The Russians are coming.

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Re: The Russians are coming.

Postby Michael on Fri Mar 14, 2014 10:06 pm

Was that the parliamentary session when the thug who slapped around the district attorney was then pacing through parliament with a kalashnikov during the "impeachment" proceedings, along with some other "revolutionaries"?
"but we’re going to hunt down that last point-one percent and say: ‘you’ve gotta get inside, you gotta cut it out, and you gotta distance.’” —Mayor Garcetti
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Re: The Russians are coming.

Postby Steve James on Fri Mar 14, 2014 10:48 pm

Wow, I thought you were asking a real question. You know way more details about the situation than I. So, no sense trying to answer.
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Re: The Russians are coming.

Postby Michael on Fri Mar 14, 2014 11:25 pm

I have a difficult time trying to remember the Ukranian/Russian names and I haven't studied the timelines in detail, so I was just trying to stimulate and get feedback in case I missed something. I'm not terribly up to speed on the details of everything's that's happened in Ukraine since November 'cause it coincided with me taking a break from the news.
"but we’re going to hunt down that last point-one percent and say: ‘you’ve gotta get inside, you gotta cut it out, and you gotta distance.’” —Mayor Garcetti
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Re: The Russians are coming.

Postby grzegorz on Sat Mar 15, 2014 1:37 am

Well I've been following the situation in the Ukraine since I first went there in 1990 and again 10 years ago and I'm not following any of the pro-Russian arguments. Any country with 50 percent unemployment is likely to overthrow it's politicians, as they should.

By the way, I haven't confirmed it yet but I heard in an interview on NPR that the ballot does not allow for the Crimea to stay with Ukraine. The choices are independence or to become part of Russia.
Last edited by grzegorz on Sat Mar 15, 2014 1:44 am, edited 3 times in total.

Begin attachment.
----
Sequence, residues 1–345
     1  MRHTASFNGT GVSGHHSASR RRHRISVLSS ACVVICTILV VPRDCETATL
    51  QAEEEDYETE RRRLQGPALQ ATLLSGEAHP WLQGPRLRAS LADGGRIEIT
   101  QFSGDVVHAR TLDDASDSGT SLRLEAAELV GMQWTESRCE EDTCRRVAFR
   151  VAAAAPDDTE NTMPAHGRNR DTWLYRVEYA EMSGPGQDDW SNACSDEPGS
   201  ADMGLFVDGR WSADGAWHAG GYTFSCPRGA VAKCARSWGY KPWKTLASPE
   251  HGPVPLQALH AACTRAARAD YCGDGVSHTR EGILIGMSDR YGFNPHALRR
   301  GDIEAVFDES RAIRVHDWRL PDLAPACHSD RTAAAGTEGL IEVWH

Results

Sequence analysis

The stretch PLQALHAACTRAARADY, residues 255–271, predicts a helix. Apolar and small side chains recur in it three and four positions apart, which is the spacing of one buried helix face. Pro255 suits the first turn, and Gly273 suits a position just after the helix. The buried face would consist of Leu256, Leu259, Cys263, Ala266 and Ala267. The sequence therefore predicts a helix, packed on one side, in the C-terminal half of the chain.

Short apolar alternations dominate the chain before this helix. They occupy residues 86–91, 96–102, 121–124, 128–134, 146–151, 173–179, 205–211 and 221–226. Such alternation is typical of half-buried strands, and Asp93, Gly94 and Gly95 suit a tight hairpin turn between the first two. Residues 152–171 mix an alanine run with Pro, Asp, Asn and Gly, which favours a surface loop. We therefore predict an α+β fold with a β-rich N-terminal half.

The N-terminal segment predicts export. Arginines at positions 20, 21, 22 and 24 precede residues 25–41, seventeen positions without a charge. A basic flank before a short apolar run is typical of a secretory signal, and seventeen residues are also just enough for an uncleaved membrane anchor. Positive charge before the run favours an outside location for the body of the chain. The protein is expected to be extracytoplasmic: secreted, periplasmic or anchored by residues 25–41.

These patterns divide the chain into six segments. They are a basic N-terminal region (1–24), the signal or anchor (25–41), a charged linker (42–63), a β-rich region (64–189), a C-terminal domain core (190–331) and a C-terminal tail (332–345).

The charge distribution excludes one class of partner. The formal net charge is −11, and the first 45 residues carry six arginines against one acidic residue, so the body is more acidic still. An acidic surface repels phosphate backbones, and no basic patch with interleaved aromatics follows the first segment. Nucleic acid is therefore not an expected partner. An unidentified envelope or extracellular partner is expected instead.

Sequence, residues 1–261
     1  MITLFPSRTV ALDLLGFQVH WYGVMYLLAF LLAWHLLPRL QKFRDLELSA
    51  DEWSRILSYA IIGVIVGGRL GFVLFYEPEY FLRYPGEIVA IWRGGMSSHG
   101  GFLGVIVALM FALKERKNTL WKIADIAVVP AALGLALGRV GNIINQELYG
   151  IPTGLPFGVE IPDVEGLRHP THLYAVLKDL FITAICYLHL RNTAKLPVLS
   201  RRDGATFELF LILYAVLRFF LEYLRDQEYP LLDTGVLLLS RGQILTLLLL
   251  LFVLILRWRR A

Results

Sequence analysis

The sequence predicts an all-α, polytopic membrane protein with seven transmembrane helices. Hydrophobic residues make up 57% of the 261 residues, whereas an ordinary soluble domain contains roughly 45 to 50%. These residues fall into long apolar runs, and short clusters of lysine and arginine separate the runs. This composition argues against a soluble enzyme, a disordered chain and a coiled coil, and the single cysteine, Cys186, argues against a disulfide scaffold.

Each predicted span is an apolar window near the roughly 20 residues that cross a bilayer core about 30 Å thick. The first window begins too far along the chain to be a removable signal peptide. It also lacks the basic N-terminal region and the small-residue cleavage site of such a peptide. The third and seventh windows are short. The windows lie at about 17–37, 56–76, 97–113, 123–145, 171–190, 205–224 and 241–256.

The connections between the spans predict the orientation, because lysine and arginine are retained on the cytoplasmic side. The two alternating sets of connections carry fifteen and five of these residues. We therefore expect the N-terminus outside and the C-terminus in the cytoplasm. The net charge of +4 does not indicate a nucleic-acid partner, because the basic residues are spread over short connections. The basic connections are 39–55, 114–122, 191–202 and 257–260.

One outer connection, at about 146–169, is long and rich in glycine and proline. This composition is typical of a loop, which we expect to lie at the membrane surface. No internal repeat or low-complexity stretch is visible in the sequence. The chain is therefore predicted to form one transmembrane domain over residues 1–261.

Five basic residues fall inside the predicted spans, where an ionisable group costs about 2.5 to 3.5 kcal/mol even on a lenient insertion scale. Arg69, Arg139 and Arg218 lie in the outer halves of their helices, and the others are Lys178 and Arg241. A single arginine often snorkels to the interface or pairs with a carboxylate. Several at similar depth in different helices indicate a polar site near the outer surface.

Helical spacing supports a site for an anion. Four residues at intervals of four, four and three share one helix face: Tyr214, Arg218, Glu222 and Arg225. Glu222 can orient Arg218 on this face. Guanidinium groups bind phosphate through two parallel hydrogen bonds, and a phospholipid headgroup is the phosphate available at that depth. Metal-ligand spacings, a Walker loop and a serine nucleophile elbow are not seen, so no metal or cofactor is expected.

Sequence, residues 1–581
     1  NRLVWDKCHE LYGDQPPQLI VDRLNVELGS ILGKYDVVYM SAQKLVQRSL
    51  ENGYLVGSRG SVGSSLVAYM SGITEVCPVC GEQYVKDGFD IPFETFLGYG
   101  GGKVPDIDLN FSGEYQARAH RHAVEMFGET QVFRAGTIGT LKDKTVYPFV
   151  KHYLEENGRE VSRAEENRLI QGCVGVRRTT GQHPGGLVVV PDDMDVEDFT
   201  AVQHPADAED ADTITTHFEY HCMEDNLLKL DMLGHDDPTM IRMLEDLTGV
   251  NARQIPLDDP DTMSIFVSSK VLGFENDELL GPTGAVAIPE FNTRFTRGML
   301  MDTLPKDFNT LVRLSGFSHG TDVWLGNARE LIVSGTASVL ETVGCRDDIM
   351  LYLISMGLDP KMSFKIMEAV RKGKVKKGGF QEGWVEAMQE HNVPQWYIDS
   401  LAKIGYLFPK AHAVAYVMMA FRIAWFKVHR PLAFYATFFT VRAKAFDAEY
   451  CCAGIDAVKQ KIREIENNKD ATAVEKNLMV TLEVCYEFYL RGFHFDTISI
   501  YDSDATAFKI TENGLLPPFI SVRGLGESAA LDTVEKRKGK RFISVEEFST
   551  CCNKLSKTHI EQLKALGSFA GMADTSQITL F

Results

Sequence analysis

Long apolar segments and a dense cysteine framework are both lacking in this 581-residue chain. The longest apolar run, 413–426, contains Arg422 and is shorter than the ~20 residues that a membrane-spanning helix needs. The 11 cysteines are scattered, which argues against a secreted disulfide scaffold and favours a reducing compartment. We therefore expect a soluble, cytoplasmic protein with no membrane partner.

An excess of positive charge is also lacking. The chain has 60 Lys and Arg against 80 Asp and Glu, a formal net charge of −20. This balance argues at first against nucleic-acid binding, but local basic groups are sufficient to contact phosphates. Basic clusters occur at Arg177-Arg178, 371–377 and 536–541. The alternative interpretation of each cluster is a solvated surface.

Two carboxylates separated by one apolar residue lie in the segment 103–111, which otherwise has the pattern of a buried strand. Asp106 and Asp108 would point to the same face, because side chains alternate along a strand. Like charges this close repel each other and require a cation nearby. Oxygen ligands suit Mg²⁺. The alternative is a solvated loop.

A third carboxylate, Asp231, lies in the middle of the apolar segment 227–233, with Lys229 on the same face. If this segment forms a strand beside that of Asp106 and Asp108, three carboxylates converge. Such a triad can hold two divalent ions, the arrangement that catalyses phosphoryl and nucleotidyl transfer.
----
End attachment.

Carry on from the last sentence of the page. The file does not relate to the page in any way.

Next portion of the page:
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Re: The Russians are coming.

Postby wiesiek on Sat Mar 15, 2014 6:47 am

hehe
independent? ,
in reality Crimea is Russian already, all cards are on table, rest is just cosmetic names make up!
Nobody will start the open conflict. This will not resolve the problem anyway, unless somebody like to remove quite big part of our population .
Global economy rules our time.
Sanction for Russia will kick our arse too.
so
Putin is taking the Crimea right now, theoretically allowing Ukraine to be "free".

- bear in mind - theoretically -
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Re: The Russians are coming.

Postby wiesiek on Mon Mar 17, 2014 3:51 am

so,
my word became reality :( , Crimea is taken.
Now we have much serious problem - east Ukraine starting to "like" go follow Putin`s idea.
In fact it was clear for me that Crimea is just his 1st step >:( .
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Re: The Russians are coming.

Postby Michael on Mon Mar 17, 2014 6:16 am

Juice Media Rap News explains Crimea :)

Crimea: Media War Games - feat. Abby Martin [RAP NEWS 23]



http://www.youtube.com/watch?v=zDIczjJRSic
"but we’re going to hunt down that last point-one percent and say: ‘you’ve gotta get inside, you gotta cut it out, and you gotta distance.’” —Mayor Garcetti
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Re: The Russians are coming.

Postby chud on Mon Mar 17, 2014 8:15 am

Kasparov on Obama: ‘Carter looks like Churchill in comparison’: click
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Re: The Russians are coming.

Postby grzegorz on Mon Mar 17, 2014 9:27 am

Chud,

You keep telling us what others think.

You're an intelligent man. What would you do if you were president?

Personally I think Crim should go to Russia, as unfortunate as that is for Tartars who are having their doors marked as they did in Stalin times before being sent to Siberia. The fact is it was given to Ukraine when they were all part of the same country. But Putin is going about it all wrong as far as the future between those two nations go. I believe he could have accomplished the same thing through diplomacy.

When the communists were voted out of Central and Eastern Europe Bush senior said it would have bad idea for the US to go in and provoke the Soviets and he was right.
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Re: The Russians are coming.

Postby wiesiek on Mon Mar 17, 2014 12:01 pm

if I may , Grześ:
ring the bells, all of them,
but
don`t push tHIS button!
for God sake, don`t.

In fact, EU and US going this way in hope, that Władimir Władimirowicz will spend so much on Crimea, that similar operation under the name "East Ukraine" became to costly ,
and
he simply say - pass :-\ .
From the "cold calculation" point of view, what "the rest of the world" can really do, if economy war will be fruitless?
Who will play the hero on front of the thermonuclear warheads with KGB officer behind THE button?
Even If, probably, half of them is non-operational -shrug-

and
was there any real thread for US , if / :) / we forget the Cuba?
BTW excellent example - nothing happen or we all doomed